# Hi

I am a grad student in applied math at UCDavis from 2013 to 2020 (expected).

Office: MSB2141. Email: (first name initial + last name full) @ ucdavis.

My CV (updated: Feb 22nd, 2019).

# Research interests

I am broadly interested in information theory and statistics with memory constraints. I am currently studying these in the context of distributed machine learning with James Sharpnack’s. In the past few years, I have become interested in networks and graph algorithms. My work involves a blend of theory and computation.

# Teaching

**[Fall 2019]**I am a TA for MAT12 Pre-Calculus with Korana Burke.

# Recent academic work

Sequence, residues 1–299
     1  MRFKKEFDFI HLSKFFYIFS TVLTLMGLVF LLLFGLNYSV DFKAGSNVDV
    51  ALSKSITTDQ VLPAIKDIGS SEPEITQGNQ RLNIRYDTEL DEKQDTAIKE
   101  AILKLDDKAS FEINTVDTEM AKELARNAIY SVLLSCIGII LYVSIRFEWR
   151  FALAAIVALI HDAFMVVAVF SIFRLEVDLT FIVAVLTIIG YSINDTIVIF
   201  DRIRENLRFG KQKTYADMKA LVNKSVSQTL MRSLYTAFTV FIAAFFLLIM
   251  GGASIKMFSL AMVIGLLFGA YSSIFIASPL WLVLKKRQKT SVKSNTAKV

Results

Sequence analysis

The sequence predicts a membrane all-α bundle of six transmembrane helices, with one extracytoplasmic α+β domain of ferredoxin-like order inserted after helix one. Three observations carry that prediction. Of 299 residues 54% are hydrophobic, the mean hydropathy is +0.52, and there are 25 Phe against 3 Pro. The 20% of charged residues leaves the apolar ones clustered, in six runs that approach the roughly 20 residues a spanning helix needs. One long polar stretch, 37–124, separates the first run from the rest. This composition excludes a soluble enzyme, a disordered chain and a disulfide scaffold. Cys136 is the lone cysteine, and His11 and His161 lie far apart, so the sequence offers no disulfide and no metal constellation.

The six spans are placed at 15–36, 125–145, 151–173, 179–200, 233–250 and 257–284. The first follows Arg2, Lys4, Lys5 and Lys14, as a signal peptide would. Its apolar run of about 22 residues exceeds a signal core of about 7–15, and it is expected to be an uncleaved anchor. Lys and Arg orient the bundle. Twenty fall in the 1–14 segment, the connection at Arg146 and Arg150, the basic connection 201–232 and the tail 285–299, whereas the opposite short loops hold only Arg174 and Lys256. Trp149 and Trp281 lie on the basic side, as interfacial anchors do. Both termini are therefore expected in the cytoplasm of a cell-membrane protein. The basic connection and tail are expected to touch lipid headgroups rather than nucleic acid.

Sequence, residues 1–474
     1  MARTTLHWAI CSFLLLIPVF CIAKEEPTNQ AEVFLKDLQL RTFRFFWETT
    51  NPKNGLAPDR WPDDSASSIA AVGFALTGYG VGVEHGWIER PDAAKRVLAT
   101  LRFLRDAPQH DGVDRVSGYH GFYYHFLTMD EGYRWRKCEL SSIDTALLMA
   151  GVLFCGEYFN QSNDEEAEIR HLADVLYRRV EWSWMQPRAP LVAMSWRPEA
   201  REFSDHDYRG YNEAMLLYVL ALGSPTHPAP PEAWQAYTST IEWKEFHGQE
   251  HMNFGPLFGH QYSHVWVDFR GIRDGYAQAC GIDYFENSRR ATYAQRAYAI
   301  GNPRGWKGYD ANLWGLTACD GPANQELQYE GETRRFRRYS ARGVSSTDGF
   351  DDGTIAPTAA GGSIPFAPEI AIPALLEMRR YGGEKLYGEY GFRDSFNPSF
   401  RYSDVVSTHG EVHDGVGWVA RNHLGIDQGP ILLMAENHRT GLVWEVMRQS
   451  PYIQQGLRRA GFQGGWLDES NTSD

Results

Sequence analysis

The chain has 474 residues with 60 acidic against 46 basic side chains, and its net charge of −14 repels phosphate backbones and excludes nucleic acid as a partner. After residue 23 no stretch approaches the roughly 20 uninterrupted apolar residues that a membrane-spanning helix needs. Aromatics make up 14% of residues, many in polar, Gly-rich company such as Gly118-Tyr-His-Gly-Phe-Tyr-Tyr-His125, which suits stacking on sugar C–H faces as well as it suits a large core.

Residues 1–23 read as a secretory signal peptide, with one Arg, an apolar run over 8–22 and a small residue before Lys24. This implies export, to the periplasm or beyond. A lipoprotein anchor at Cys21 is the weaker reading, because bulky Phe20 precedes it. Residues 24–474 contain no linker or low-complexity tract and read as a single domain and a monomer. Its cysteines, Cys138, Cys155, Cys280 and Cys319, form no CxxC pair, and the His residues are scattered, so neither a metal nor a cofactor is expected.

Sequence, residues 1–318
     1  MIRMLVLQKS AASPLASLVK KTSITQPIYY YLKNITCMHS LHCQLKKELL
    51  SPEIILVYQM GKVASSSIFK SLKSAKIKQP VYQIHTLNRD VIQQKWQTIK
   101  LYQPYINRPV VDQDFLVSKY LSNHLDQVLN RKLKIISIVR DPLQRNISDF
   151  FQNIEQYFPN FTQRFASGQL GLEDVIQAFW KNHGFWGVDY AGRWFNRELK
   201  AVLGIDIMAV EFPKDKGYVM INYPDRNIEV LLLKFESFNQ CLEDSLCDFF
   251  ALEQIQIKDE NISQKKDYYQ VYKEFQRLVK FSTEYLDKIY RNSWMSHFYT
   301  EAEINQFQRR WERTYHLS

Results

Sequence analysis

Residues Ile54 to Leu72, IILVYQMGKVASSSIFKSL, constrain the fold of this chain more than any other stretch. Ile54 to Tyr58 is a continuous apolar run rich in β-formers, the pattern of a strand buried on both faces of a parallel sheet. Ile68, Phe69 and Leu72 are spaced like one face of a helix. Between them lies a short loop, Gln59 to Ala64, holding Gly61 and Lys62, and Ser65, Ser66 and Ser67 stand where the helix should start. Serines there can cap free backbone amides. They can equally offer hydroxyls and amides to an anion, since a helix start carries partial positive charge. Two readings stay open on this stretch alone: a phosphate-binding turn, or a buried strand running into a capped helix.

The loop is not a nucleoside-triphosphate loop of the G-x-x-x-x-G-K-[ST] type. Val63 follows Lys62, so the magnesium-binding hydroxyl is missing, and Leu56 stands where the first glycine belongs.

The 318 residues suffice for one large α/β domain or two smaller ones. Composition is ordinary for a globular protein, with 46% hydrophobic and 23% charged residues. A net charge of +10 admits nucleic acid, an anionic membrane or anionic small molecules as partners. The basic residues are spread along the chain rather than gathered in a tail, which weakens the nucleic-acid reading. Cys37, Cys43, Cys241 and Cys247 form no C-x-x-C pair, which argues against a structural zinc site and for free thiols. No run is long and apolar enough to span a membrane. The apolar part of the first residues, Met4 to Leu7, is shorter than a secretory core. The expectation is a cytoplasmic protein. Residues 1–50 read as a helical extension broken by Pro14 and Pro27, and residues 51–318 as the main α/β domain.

**[Fall 2019]**James presented our work on scan statistics epidemiology at GeoVet 2019. I am thinking about hierarchical compressed communication again.**[Summer 2019]**I am working on a project to apply scan statistics to epidemiology with Beatriz Lopez and James Sharpnack.**[Spring 2019]**Our paper “Estimating Graphlet Statistics via Lifting” was accepted for a poster presentation at KDD2019! Big thanks to Kiril Paramonov for the conceptual work and to James for including me on the project.**[Fall - Winter 2019]**I organized the math/stats reading group “Information Theory and Statistics”.**[July 2018]**I gave a talk on “Statistical Limits in Hierarchical Communication” in the Student Chapter Presentations section at the 2018 SIAM Annual Meeting in Portland, Oregon.**[June 2018]**I passed my qualifying exam! I defended a project proposal titled “Towards Statistical Limits in Hierarchical Communication”.**[Summer 2017]**I worked at Los Alamos National Lab with Marc Vuffray and Andrey Lokhov on parameter learning in models of power transmission. Our project paper was accepted for presentation at PSCC2018: “Online Learning of Power Transmission Dynamics”, [Arxiv], [IEEE].**[Summer 2014 - Winter 2016]**I studied the inference of stochastic processes with memory, modeled by Hidden Markov Models, using information theory and computational mechanics. Kelly Finn and I analyzed times series data of moving monkeys using various measures of complexity such as entropy rate, statistical complexity, and excess entropy. I was supervised by Jim Crutchfield.